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Unformatted text preview: Lecture 6 Secant Methods* In this lecture we introduce two additional methods to find numerical solutions of the equation f ( x ) = 0. Both of these methods are based on approximating the function by secant lines just as Newton’s method was based on approximating the function by tangent lines. The Secant Method The secant method requires two initial points x and x 1 which are both reasonably close to the solution x ∗ . Preferably the signs of y = f ( x ) and y 1 = f ( x 1 ) should be different. Once x and x 1 are determined the method proceeds by the following formula: x i +1 = x i x i x i − 1 y i y i − 1 y i (6.1) Example: Suppose f ( x ) = x 4 5 for which the true solution is x ∗ = 4 √ 5. Plotting this function reveals that the solution is at about 1 . 25. If we let x = 1 and x 1 = 2 then we know that the root is in between x and x 1 . Next we have that y = f (1) = 4 and y 1 = f (2) = 11. We may then calculate x 2 from the formula (6.1): x 2 = 2 2 1 11 ( 4) 11 = 19...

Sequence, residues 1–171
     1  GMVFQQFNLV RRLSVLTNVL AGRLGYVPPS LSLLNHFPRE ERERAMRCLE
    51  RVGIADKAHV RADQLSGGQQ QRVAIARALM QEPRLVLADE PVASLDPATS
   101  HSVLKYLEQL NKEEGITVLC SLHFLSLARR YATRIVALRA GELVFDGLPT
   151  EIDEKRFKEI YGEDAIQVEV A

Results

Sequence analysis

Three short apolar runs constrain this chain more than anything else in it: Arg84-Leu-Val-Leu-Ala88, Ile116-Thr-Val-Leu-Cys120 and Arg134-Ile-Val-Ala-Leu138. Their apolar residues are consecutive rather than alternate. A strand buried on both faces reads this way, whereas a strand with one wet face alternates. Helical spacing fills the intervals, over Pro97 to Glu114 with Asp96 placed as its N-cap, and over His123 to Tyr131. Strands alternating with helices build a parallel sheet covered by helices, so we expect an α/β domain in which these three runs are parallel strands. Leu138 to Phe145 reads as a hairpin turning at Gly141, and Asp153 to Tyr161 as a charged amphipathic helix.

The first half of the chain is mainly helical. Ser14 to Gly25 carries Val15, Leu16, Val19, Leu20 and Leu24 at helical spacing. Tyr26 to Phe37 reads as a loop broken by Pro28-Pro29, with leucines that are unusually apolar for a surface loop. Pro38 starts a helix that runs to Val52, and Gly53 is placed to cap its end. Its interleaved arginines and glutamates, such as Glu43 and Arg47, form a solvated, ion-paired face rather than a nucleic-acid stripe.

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This note was uploaded on 02/09/2012 for the course MATH 344 taught by Professor Young,t during the Fall '08 term at Ohio University Athens.
 Fall '08
 Young,T
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